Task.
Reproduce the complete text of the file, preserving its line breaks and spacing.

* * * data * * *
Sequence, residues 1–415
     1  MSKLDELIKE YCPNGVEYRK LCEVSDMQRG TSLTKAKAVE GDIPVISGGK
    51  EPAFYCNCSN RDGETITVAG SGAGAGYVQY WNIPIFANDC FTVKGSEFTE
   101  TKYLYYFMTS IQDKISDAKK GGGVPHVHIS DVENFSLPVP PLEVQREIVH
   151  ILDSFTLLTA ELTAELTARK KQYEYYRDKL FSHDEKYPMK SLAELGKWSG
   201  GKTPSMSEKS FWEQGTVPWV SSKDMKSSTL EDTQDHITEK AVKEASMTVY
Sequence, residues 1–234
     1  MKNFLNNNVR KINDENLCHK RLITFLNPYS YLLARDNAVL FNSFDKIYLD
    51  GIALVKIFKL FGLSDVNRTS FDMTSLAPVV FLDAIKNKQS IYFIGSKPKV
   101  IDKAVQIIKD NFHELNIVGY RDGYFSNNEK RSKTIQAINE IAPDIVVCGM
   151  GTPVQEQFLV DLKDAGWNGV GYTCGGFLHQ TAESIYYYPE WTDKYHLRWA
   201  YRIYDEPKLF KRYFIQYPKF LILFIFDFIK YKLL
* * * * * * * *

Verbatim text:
Sequence, residues 1–415
     1  MSKLDELIKE YCPNGVEYRK LCEVSDMQRG TSLTKAKAVE GDIPVISGGK
    51  EPAFYCNCSN RDGETITVAG SGAGAGYVQY WNIPIFANDC FTVKGSEFTE
   101  TKYLYYFMTS IQDKISDAKK GGGVPHVHIS DVENFSLPVP PLEVQREIVH
   151  ILDSFTLLTA ELTAELTARK KQYEYYRDKL FSHDEKYPMK SLAELGKWSG
   201  GKTPSMSEKS FWEQGTVPWV SSKDMKSSTL EDTQDHITEK AVKEASMTVY
Sequence, residues 1–234
     1  MKNFLNNNVR KINDENLCHK RLITFLNPYS YLLARDNAVL FNSFDKIYLD
    51  GIALVKIFKL FGLSDVNRTS FDMTSLAPVV FLDAIKNKQS IYFIGSKPKV
   101  IDKAVQIIKD NFHELNIVGY RDGYFSNNEK RSKTIQAINE IAPDIVVCGM
   151  GTPVQEQFLV DLKDAGWNGV GYTCGGFLHQ TAESIYYYPE WTDKYHLRWA
   201  YRIYDEPKLF KRYFIQYPKF LILFIFDFIK YKLL